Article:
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Three things keep drawing me back to Dante’s Commedia: the skill, inventiveness and human depth of his story-telling, his lyrical genius, and the beauty of his terza rima meter. His use of terza rima can only be enjoyed in Italian, which for me involves heavy dependence on English translations and on the notes and glosses in modern Italian given in Anna Maria Chiavacci Leonardi’s editions of the Commedia for Zanichelli and Oscar Mondadori. In this essay I want to focus on comparing how the narrative and lyrical aspects of the poems come through in Ned Denny’s freely adaptive poetic version, … Continue Reading

Nick Havely and Bernard O’Donoghue, eds., After Dante: Poets in Purgatory – review

After Dante: Poets in Purgatory is both a presentation of the whole Purgatorio section of Dante’s Commedia, and an anthology of sixteen poets’ different approaches to carrying it across into English. Only two really wrench it into new contexts but, as the word ‘after’ indicates, all approach the task as poets making poetry, allowing themselves more inventive freedom than, say, Robert Durling or Jean Hollander in their parallel text translations. For readers who already know the Purgatorio, or the whole Commedia, I think the diversity of the different poets’ approaches will make for richly varying interest. For those who don’t, … Continue Reading

Dante Alighieri, Purgatorio, translated by D. M. Black – review


Purgatorio, Dante Alighieri, translated by D. M. Black, preface by Robert Pogue Harrison,
NYRB Classics, Paperback, 488 pp, £15.99

You can read my review on the London Grip here.

Peter Hainsworth and David Robey, Dante: A Very Short Introduction – review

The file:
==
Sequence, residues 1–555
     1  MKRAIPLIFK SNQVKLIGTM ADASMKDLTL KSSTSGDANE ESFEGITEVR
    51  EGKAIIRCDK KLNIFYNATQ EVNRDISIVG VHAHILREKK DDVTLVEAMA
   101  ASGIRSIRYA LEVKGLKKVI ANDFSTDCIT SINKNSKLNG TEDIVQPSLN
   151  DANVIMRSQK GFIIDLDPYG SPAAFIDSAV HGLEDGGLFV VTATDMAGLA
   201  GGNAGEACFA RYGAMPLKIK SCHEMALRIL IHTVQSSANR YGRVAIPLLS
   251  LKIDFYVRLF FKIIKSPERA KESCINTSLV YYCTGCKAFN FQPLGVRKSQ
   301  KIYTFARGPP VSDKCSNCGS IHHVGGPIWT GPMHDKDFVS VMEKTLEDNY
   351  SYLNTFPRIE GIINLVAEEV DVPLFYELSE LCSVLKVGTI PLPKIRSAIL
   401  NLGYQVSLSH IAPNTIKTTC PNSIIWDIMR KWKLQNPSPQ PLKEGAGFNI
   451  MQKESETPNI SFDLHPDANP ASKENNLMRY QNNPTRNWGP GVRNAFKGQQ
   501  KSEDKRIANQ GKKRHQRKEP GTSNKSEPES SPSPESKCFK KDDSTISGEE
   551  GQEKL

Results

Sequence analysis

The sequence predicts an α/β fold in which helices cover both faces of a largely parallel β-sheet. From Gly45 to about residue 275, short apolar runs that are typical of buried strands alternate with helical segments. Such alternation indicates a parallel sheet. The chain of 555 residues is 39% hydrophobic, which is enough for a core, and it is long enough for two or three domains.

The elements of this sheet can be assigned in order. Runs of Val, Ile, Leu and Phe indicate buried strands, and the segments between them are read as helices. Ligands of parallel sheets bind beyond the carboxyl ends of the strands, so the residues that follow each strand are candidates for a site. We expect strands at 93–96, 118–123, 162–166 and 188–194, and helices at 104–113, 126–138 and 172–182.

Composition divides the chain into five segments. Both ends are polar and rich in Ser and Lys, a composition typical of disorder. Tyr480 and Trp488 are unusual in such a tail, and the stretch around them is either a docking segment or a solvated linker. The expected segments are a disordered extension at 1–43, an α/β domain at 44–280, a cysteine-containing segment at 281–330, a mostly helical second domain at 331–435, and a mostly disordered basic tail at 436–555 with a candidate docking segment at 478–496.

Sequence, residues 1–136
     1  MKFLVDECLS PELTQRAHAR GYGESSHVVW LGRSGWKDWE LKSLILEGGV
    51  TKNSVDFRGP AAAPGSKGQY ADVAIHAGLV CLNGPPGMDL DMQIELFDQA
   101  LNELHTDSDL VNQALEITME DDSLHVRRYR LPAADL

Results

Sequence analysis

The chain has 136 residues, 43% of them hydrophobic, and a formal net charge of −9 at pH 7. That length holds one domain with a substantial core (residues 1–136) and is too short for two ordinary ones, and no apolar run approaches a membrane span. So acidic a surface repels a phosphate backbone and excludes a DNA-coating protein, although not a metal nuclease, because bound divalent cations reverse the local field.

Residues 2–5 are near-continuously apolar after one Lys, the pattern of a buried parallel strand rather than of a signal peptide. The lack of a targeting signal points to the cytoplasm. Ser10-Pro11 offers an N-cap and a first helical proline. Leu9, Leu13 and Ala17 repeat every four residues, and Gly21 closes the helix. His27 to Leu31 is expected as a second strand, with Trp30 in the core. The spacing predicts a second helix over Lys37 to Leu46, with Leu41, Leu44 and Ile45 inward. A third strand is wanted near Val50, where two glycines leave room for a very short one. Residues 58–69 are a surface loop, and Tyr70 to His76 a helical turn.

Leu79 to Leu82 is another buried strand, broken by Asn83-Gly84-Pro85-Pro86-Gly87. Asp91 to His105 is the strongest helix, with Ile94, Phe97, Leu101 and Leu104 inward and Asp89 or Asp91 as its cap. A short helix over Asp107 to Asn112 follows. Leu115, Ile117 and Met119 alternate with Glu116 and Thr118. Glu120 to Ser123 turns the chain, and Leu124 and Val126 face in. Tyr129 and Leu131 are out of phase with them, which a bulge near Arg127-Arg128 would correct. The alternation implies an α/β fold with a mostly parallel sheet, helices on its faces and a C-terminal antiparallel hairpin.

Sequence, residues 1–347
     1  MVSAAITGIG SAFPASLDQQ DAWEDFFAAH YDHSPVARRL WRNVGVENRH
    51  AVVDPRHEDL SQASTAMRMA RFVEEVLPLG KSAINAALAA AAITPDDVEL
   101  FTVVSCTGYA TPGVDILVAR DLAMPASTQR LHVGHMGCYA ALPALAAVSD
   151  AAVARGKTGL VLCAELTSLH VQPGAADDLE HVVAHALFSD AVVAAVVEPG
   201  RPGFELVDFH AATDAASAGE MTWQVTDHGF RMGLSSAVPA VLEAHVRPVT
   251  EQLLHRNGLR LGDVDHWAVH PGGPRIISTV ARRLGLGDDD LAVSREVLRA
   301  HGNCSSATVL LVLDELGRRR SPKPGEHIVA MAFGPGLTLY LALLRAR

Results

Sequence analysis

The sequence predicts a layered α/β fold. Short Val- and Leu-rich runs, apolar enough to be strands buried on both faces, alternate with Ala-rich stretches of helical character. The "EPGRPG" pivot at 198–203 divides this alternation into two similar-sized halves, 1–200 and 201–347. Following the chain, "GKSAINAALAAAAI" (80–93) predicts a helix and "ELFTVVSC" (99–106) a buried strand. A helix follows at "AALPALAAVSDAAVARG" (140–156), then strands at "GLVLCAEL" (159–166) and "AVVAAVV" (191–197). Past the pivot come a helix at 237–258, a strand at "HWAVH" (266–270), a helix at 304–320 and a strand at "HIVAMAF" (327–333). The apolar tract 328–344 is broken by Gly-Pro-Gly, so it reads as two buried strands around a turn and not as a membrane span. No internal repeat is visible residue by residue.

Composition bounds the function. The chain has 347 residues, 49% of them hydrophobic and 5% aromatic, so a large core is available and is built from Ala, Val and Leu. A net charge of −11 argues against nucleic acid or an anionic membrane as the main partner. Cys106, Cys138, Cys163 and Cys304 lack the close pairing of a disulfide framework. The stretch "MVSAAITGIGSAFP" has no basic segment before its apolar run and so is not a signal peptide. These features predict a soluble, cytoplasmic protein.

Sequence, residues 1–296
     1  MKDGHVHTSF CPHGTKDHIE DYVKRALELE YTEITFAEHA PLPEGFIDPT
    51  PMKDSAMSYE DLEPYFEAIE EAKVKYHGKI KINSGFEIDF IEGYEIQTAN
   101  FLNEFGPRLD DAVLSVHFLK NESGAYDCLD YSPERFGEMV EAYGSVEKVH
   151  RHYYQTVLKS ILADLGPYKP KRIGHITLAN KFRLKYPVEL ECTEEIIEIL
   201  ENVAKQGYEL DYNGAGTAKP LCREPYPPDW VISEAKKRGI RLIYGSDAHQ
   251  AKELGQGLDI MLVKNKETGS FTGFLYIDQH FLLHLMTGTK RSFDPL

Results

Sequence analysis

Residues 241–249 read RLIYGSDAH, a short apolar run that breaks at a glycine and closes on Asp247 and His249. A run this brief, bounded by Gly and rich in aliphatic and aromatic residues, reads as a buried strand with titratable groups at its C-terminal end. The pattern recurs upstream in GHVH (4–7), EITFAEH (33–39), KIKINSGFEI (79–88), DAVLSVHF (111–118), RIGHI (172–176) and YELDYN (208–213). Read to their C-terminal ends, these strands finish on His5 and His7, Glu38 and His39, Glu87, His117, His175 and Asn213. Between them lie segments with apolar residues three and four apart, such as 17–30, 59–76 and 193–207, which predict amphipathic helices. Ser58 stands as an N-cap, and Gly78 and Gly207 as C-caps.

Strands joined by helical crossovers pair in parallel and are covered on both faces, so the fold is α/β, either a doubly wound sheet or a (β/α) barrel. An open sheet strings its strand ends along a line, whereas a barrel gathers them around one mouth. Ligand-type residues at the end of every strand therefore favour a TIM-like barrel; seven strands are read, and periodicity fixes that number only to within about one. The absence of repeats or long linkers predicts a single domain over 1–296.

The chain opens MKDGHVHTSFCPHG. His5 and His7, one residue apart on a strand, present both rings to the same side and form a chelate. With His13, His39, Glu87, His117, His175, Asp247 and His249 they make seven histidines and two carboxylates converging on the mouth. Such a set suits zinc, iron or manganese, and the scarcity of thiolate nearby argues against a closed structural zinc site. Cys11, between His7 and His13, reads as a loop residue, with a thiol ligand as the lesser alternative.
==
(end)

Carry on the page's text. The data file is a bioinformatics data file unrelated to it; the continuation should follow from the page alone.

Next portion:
Peter Hainsworth and David Robey, Dante: A Very Short Introduction; OUP, £7.99, pbk, 144pp.

Hainsworth and Robey have to work within the limits of the Very Brief Introduction format. Their first pages rise brilliantly to the challenge. Swift-moving, decisive, sensitive and suggestive, plunging straight into a discussion of two famous encounters in the Inferno, and illustrating points with well-chosen references, this opening would have made me feel I knew why Dante’s ideas still matter, why he’s a giant among poets, and why people so praise his dramatic gifts in particular, even if I hadn’t read a word of him before.

Of course … Continue Reading

Prue Shaw, Reading Dante: From Here to Eternity – review

Prue Shaw, Reading Dante: From Here to Eternity; W. W. Norton, 398pp, hbk, £20.00;
ISBN 9780871407429
Published 29 April 2014

If I could recommend only one book on Dante it would be this one by Prue Shaw.

Her scholarship is profound and I think she must be a brilliant teacher: she shows an unusual ability to enter imaginatively into the minds of people who don’t have her knowledge. This book isn’t just “approachable”; it comes to meet you, seizes your hands and whisks you away to a glittering party where you’re involved in the conversation as if you were an old friend.

Shaw’s writing style … Continue Reading

Dante: A Very Short Introduction – review


You can read my review of Peter Hainsworth and David Robey’s Dante: A Very Short Introduction, OUP, £7.99, pbk, 144pp. by clicking here .

Prue Shaw, Reading Dante: From Here to Eternity – review

Prue Shaw, Reading Dante: From Here to Eternity; W. W. Norton, 398pp, hbk, £20.00

You can link to this review on the Manchester Review website here.

CH Sisson translating Dante’s Purgatorio

I used to think highly of Sisson’s poetry; I can remember being excited when Anchises and Exactions came out in the late seventies. I don’t know how I’d find his own poems if I read them again now, but I’ve just read his translation of Dante’s Purgatorio and was deeply disappointed. I did it because I wanted a more continuous reading process than you can get from the John Sinclair parallel text, which involves constant movement between the languages and interruption by the pages of commentary after each canto. What startled me in Sisson’s version was how heavily the line … Continue Reading